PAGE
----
It is no easy task to succeed a legendary coach like Jack Barnaby; nor is it an insult to live in that man's shadow. But yesterday's triumph over Princeton definitively propels Crimson coach Dave Fish out of the shadow and into the spotlight.
As one team member said, this was Fish's win. His emphasis on conditioning and "pattern training"--where the squad systematically practices different options for shotmaking in a particular situation--was the key to his squad's victory.
Which is not to say the grand old man, Barnaby, had nothing to do with the win. The Crimson racquetwomen's coach spent hours with the men over the past few weeks. Seeing him chatting with Chip Robie between games was somehow reassuring; one could not find a better squash aide-de-camp.
But it was heartening to see Dave Fish buzzing around cavernous Heminway during the match, to see his face after the match, and to talk to him in a pleasant Sunday afterglow.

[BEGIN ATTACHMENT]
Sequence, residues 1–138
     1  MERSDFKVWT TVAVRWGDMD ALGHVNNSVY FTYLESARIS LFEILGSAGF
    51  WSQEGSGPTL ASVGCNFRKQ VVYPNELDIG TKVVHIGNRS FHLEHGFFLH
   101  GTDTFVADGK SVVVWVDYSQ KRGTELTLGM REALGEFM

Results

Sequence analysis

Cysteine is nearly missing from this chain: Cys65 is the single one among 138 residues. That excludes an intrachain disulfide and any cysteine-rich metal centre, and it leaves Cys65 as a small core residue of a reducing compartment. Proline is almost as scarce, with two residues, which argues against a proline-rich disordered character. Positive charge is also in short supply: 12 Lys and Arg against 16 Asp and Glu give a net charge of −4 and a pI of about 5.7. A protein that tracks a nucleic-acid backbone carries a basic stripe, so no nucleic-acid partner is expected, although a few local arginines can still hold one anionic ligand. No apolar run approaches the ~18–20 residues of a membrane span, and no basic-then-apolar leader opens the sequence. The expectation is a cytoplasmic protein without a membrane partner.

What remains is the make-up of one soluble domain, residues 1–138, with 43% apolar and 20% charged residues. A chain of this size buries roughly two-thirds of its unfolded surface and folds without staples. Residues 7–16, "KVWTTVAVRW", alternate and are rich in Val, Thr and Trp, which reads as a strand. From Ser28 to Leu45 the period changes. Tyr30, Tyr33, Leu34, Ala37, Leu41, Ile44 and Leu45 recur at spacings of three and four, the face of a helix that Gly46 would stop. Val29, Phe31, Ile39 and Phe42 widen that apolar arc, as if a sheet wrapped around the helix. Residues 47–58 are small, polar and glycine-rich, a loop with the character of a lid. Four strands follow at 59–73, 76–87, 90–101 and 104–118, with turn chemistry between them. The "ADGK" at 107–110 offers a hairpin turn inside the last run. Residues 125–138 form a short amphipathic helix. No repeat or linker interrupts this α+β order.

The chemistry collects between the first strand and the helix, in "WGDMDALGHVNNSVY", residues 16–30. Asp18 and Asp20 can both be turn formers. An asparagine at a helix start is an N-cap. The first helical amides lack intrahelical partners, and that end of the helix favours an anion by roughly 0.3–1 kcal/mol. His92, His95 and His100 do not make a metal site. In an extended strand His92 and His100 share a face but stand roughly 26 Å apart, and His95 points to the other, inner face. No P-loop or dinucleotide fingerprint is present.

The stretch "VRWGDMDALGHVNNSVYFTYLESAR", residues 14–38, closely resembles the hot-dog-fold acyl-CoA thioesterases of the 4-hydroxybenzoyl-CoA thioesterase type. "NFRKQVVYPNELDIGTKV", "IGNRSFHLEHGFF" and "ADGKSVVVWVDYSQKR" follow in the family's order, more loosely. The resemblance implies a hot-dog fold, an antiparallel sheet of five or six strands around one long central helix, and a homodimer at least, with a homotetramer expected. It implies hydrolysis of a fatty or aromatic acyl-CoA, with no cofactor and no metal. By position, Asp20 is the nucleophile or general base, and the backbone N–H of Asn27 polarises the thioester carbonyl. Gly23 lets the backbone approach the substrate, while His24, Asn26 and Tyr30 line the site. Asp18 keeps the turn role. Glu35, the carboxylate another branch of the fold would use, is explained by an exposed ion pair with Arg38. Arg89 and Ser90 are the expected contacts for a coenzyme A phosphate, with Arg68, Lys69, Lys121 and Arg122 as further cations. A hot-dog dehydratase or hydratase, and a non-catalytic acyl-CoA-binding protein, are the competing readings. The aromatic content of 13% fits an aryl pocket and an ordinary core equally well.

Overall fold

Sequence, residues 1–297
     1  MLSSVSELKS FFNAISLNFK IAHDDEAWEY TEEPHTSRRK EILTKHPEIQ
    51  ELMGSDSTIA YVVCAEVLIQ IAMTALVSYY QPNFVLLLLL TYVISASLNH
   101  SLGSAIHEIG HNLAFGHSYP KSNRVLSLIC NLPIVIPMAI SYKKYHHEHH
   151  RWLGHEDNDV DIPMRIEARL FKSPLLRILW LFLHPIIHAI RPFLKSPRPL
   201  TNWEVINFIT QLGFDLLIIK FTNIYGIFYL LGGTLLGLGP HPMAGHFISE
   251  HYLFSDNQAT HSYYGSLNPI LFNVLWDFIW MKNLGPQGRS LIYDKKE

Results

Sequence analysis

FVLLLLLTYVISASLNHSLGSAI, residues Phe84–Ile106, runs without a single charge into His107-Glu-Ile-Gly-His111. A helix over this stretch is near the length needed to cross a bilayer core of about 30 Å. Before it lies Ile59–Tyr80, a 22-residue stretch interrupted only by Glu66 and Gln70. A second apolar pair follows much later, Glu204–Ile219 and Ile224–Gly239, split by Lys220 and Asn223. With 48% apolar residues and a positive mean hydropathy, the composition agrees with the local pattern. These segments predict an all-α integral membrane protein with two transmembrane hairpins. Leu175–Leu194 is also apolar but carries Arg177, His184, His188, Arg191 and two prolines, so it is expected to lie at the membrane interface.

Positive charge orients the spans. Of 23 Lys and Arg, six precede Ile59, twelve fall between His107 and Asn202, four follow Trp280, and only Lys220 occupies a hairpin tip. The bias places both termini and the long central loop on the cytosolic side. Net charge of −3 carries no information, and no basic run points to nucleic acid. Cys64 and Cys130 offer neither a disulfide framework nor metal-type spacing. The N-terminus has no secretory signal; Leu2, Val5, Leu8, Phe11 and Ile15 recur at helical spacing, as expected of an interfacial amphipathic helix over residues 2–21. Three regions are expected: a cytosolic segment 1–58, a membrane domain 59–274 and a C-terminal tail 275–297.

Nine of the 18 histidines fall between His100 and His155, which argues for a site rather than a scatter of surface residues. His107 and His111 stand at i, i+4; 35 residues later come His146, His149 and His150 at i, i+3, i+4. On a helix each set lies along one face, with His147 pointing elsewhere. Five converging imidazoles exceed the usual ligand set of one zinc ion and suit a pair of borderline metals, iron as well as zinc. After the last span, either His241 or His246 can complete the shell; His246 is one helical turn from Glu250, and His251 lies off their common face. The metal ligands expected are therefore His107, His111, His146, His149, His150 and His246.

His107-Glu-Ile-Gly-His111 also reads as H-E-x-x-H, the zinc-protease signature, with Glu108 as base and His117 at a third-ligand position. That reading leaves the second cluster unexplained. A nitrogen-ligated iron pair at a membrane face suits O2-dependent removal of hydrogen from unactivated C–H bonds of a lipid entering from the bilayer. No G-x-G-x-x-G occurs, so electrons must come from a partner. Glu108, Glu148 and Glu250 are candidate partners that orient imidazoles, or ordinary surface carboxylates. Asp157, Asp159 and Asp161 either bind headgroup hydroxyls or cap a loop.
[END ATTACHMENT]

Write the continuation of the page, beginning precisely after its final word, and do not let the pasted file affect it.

Hemenway was wet Saturday. Wet with the sweat that soaked through Harvard's smart new uniforms. Wet with Princeton's tears of disappointment. Wet with the Crimson's tears of happiness. And then, wet with champagne.
Crimson assistant coach Mark Panarese '78 and Princton head coach and recruiter extraordinaire Norm Peck never saw the decisive fifth game of Robie's match. The pressure was too great. So they retired to the coach's room, where they awaited the fateful results.
After the victory, Peck paid a congratulatory visit to the Crimson locker room. "I just want you to know you guys played a great match," he said. Then he departed to recruit three top Milton Academy stars.
Squash players are gentlemen. The two opposing squads chatted, sat together, and commiserated over the tension throughout the entire match. Make no mistake--these two teams wanted to win. But that did not vitiate the camaraderie.